V-1 Flying Bomb: An Obstacle Overcome

To much fanfare and applause, I conclude the first ever series from the Reckless Historians, the V-1 Flying Bomb.  To review the previous posts, here they are:    Part I        Part II


Allied surveillance had located the “ski” launch sites used to launch V-1 bombs in the May of 1943.  The Allied plan Operation Crossbow gave Dwight Eisenhower priority bombing authority, making anything associated with the V-Weapon program.  When the V-1 bombings began on the nigh of June 12th and 13th, 1944, Eisenhower made Crossbow superior to everything except Operation Overlord, the push to reclaim Western Europe from German Forces.

Despite the pressure from aerial bombings and Allied troops, V-1 bombs were still raining down on London.  To counteract this, Great Britain used a variety of methods, from conventional to quite creative.

Barrage balloons are designed to stop aircraft from leaving the optimal range for anti-aircraft fire.  The metal cables connecting the balloon to the ground could destroy a plane outright.  The V-1 was soon outfitted with wings that could sever these cables, meaning Britain would now need to focus their efforts on shooting down these missiles.

The buzz bombs were quite fast and very difficult to track by anti-aircraft gunners.  The bombs flew at an altitude just above effective light AA gun range while staying below heavy AA gun range.  When Britain built the appropriate guns, they implemented radar and the Kerrison Predictor, designed to target high-velocity aircraft at low altitudes.

The new electronic systems implemented improved the anti-air success rate.  Initially utilizing 2,500 rounds to down a V-1, two months later each V-1 only required 100 rounds.  The consistent flight path of a V-1 soon made the “gun belt” also impenetrable.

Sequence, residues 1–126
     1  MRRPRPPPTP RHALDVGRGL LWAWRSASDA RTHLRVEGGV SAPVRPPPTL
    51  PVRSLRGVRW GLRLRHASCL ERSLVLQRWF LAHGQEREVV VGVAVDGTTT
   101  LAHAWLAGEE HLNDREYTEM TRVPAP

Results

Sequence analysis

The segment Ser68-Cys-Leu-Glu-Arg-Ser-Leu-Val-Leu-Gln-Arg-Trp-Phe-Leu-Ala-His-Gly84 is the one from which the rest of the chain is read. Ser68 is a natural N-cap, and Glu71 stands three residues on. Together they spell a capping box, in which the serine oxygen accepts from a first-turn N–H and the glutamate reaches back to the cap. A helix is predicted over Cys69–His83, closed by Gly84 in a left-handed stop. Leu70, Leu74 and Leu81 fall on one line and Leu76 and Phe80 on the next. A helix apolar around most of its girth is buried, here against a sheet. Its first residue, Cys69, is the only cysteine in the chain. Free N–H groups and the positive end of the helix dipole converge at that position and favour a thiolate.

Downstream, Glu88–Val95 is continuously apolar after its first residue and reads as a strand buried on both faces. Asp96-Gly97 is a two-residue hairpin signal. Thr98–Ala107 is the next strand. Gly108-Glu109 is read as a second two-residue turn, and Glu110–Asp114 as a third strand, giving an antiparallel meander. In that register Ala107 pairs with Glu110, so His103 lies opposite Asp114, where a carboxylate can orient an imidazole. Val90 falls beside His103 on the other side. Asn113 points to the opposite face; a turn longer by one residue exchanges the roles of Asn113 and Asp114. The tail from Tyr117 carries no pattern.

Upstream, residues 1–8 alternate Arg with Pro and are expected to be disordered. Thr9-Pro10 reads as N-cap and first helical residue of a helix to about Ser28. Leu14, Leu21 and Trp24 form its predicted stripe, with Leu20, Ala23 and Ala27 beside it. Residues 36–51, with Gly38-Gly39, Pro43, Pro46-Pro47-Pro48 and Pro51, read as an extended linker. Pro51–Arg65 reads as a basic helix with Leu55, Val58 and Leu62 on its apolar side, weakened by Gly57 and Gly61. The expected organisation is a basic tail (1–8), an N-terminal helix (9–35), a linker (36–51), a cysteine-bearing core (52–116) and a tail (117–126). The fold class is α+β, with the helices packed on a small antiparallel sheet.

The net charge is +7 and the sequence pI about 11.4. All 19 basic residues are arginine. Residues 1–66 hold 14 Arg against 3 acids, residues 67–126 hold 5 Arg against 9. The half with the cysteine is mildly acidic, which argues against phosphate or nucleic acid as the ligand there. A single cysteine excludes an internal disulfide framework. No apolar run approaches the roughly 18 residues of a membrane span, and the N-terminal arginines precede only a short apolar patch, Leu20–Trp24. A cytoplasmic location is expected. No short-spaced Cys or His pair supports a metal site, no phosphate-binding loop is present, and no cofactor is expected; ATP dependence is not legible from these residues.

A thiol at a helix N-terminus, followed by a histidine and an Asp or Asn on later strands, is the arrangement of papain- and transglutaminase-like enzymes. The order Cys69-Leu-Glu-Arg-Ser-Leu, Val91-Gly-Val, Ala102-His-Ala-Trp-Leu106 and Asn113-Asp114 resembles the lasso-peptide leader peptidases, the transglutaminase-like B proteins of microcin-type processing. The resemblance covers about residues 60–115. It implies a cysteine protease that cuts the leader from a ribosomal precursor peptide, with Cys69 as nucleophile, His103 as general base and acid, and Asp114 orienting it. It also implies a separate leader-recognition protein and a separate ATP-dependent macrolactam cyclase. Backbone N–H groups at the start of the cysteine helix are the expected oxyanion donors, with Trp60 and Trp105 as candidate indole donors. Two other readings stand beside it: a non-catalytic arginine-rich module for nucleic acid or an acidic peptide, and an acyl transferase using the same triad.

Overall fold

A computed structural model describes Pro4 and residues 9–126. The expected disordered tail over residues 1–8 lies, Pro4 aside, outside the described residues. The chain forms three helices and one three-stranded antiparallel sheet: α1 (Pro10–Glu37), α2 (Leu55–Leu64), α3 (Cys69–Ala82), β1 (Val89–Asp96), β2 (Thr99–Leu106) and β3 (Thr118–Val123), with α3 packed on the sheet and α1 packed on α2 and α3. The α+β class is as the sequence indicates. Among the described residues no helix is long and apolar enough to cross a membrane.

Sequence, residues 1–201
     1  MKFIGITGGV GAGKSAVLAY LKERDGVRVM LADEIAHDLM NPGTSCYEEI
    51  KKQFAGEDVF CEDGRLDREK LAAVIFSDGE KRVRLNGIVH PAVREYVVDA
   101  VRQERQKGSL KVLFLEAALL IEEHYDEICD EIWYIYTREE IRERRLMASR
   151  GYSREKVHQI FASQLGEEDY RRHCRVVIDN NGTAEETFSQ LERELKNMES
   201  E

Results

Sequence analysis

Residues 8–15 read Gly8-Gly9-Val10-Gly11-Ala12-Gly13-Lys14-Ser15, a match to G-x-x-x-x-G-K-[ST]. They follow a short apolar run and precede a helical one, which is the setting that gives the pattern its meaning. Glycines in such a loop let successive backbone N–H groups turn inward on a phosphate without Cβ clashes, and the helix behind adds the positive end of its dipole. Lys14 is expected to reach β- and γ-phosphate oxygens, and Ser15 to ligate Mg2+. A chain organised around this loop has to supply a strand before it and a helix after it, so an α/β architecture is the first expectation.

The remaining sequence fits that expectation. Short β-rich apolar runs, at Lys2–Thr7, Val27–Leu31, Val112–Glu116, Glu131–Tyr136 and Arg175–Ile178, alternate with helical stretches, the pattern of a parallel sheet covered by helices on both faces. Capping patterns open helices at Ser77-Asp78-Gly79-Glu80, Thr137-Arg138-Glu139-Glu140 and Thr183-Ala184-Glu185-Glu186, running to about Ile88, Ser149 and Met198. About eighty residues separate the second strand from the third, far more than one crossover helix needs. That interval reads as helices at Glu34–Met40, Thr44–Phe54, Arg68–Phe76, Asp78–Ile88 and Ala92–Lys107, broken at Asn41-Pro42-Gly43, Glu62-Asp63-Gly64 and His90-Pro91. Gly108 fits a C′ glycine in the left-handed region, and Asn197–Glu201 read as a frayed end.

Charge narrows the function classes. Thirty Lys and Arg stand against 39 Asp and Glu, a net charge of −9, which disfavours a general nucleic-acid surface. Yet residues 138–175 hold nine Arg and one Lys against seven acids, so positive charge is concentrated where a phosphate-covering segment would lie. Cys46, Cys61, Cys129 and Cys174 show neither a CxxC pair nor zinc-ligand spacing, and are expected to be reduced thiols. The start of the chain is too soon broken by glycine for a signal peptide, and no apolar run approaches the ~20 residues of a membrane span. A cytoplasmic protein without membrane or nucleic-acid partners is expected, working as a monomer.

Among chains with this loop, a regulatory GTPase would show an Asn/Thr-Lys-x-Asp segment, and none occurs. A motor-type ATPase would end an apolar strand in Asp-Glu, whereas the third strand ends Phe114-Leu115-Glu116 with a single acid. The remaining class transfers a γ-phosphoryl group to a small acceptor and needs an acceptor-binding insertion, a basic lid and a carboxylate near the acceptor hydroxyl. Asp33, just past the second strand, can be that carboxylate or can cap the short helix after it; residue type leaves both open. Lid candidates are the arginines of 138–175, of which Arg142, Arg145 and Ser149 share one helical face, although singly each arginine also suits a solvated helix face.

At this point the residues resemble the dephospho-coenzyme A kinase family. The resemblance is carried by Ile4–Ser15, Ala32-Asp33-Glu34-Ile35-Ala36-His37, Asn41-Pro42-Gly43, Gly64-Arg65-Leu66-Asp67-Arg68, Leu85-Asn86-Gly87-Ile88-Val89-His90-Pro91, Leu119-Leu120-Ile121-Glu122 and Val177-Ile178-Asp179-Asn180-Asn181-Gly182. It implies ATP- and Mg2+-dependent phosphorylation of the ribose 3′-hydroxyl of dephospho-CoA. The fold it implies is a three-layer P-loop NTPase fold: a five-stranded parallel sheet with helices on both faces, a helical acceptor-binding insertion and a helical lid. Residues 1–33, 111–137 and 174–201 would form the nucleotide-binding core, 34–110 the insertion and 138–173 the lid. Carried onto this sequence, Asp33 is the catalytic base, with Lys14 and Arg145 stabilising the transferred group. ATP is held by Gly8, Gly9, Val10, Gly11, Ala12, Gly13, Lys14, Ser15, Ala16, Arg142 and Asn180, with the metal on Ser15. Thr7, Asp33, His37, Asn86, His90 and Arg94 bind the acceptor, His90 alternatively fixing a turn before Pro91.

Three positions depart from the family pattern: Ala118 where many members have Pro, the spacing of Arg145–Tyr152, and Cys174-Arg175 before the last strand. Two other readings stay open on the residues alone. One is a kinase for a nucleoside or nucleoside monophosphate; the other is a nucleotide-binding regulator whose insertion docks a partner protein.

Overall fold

The Royal Air Force became interested in taking down these bombs themselves, initially using the Hawker Tempest.  These planes would actually position their wings within six inches of the V-1, disturbing the airflow and “tipping” the bomb, sending the bomb into a harmless dive short of London.

As more planes, including the P-51 Mustang, joined the fray in the defense of Britain, the RAF began a much more aggressive approach to the V-1.  Fighters would pursue and shoot down these bombs.  However, the buzz bomb could only be destroyed by a cannon round, its metal coating almost impervious to machine gun rounds.  The ensuing explosion would also destroy the fighter.  When a special zone, only allowing the fastest fighters, was created, pilots were able to down hundreds of bombs with little harm to them.

Most interesting is role of German spies within London.  Many had been turned, acting as double agents serving Britain and feeding the German war machine false information.  When V-1 bombs were outfitted with radio transmitters, they clearly demonstrated that they typically fell short of London.  However, this data was ignored in favor of the (false) testimony of the spies.

These actions directly saved hundreds of lives.

By September 1944, the Allies had eliminated the V-1 threat, advancing through France and eventually into Germany.  Interestingly, the last V-1 that landed in Great Britain landed in Datchworth on March 29th, 1945, and 9AM, landing in an empty field.

And with that, the era of the V-1 ends, as does the first series here on Reckless Historians.  Be sure to leave a comment, suggestions, or even a request on what you would like to see us write about.  A new series will be launching soon!

Tagged with: , , , , , , , ,
Posted in V-1 Flying Bomb, World War Two

Leave a Reply

Fill in your details below or click an icon to log in:

WordPress.com Logo

You are commenting using your WordPress.com account. Log Out /  Change )

Google photo

You are commenting using your Google account. Log Out /  Change )

Twitter picture

You are commenting using your Twitter account. Log Out /  Change )

Facebook photo

You are commenting using your Facebook account. Log Out /  Change )

Connecting to %s

Enter your email address to follow this blog and receive notifications of new posts by email.

Follow Reckless Historians on WordPress.com
%d bloggers like this: